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Liverpool & Manchester Railway

General Information

Completion: 15 September 1830

Project Type

Function / usage: Railroad (railway) line

Location

km Name

Technical Information

Dimensions

total length 50 km

Chronology

1820

Agitation for improved communication between seaport Liverpool and Manchester, capital of the textile region and a major engineering centre.

1821

The merchants of Liverpool and Manchester look for a mode of transportation that is less costly than the canal or roads linking the two cities.
Quaker Joseph Sandars meets with William James who proposes the construction of a railroad line to link the two cities. He offers to build it in 18 months for a cost of £100,000. His offer is accepted.

1822

A provisional committee is created. William James visits George Stephenson working on the Stockton & Darlington Railway at the time.

1823

Edward Pease, Michael Longbridge, George Stephenson and his son Robert create the first company to build locomotives — «Robert Stephenson & Company» — at Forth Street, Newcastle-upon-Tyne.

1824

George Stephenson becomes the company engineer.

1824

Henry Booth (1789-1869) and Lester Ellis joint the committee.

20 May 1824

The committee chooses to use steam engines. Henry Booth estimates the cost of the railroad line with double track at £300,000.

29 October 1824

A first brochure published by the Liverpool & Manchester Company estimates the necessary capital at £400,000 to be divided into stocks of £100. It is signed by Henry Booth, president of the company.

1825

A subscription is issued at £3 per part. Iimportant land owners as well as the canal operators are opposed to the project.

21 March 1825
- 1 June 1825

A first bill is rejected by a committee of the House of the Commons because of the incapacity of George Stephenson to answer questions satisfactorily. He is replaced by George Rennie (1791-1866) and his brother John (1794-1874), sons of John Rennie (1761-1821), engineer with a good reputation, with their assistant Charles Blacker Vignoles to execute a new study and to strengthen the company's case. The promoters of the project adopt a more southerly track alignment which increases the costs from £400,000 to £510,000.

1826

A new bill is presented to parliament with a list of subscribers:

OriginNameNumber of parts
London96844
Liverpool1721979
Manchester15124
Other24286 1/3
Marquis of Stafford11000
Total3084233 1/3

1826

George Stephenson is hired back as engineer for an annual salary of £1000.
Charles Lawrence becomes president of the company until 1830.

5 May 1826

The bill is passed in parliament with a vote of 88 to 41. It imposes a limit on dividends of 10% or if they are superior to limit the fares. The Liverpool & Manchester Railway Company is authorized to issue 5,100 stocks of £100 value. The government grants a reimbursable credit of £100.000.

1828

The commissioners in charge of paying out the £100.000 credit send Telford to supervise the construction. He criticizes Stephenson's methods and his authorization to also act as entrepreneur.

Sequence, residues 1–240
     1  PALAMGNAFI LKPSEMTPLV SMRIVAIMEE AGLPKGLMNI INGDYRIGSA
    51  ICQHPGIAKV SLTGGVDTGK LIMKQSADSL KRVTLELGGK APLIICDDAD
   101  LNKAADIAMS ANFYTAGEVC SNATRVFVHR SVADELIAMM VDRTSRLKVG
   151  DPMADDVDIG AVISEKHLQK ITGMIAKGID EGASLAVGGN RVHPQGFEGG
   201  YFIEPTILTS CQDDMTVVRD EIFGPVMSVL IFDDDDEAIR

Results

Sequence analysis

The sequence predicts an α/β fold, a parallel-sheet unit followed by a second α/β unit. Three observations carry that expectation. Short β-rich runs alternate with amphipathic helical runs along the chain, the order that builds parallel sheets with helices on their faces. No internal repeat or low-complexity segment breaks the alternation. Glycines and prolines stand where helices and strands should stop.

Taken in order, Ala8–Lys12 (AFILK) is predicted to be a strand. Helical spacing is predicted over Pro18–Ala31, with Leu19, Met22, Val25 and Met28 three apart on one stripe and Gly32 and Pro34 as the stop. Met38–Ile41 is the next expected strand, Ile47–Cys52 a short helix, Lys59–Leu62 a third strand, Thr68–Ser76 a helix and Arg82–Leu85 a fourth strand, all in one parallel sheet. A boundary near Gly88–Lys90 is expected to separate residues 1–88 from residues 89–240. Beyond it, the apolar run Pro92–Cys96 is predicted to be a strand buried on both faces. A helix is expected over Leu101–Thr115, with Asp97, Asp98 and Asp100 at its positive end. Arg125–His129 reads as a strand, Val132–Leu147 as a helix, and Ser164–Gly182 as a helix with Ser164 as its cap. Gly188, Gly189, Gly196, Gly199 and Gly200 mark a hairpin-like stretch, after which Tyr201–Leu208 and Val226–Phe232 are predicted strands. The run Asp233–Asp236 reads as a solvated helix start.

1829

A new bill is passed by Parliament allowing the company to emitt 5,100 stocks of £25 for the purchase of wagons, hangars, depots, etc.

May 1829

The company managers ask Stephenson, Locke, Walker to Rastrick to inquire amongst the different railroads across the country as to the merits of locomotives versus fixed machines.
In order to validate their choice between different modes of traction, the managers of the Liverpool & Manchester Company decide to organize a competition between locomotives with a £500 prize for the winner.

6 October 1829

In front of a crow of 10,000 people, the locomotive "The Rocket" (built by George and Robert Stephenson) wins the Rainhill race beating "Sans Pareil" built by Timothy Hackworth and "Novelty" of Braithwaite and John Ericson.
The race is held on a 1.5 mile long stretch on which each locomotive has to accomplish 10 return trips for a total journey of 30 miles. "The Rocket" achieves hits in 2 hours and 15 minutes.

15 September 1830

Inauguration of the line n the presence of the prime minister, the Duke of Wellington, and a large number of dignitaries who take part in the procession of 8 locomotives ["The Northumbrian" — conducted by George Stephenson, "The Phoenix" — conducted by Robert Stephenson, "The Rocket" — conducted by Joseph Locke, "The Conet" — conducted by Allcard, "The Dart" — conducted by Thomas Gooch, "The Arrow" — conducted by Frederick Swanwick]. Popular Liverpool member of parliament William Huskisson is killed after stepping in front of a train.
During the first three months are transportet:

  • 71,951 passengers
  • 1,432 tons of merchandise
  • 2,630 tons of coal
with a net profit of £14,432 which allows to pay a dividend of £2 per stock of £100.

February 1831

The Samson locomotive pulls a convoy of 164 tonnes in 2 hours and a half from Liverpool to Manchester.

1833

Henry Booth publishes the first regulatory documents for the railroad line difining the colors of the signals.
A special train with the Duke of Orléans aboard travels at 38 miles per hour.

1836

After a conductor's strike the company guarantees a minimum wage.

1837

The trip takes 1 and a quarter of an hour.

19 January 1841

He organizes a conference of the presidents and managers of railroads.

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  • About this
    data sheet
  • Structure-ID
    10000166
  • Date created
    25/10/2002
  • Last Update
    16/05/2015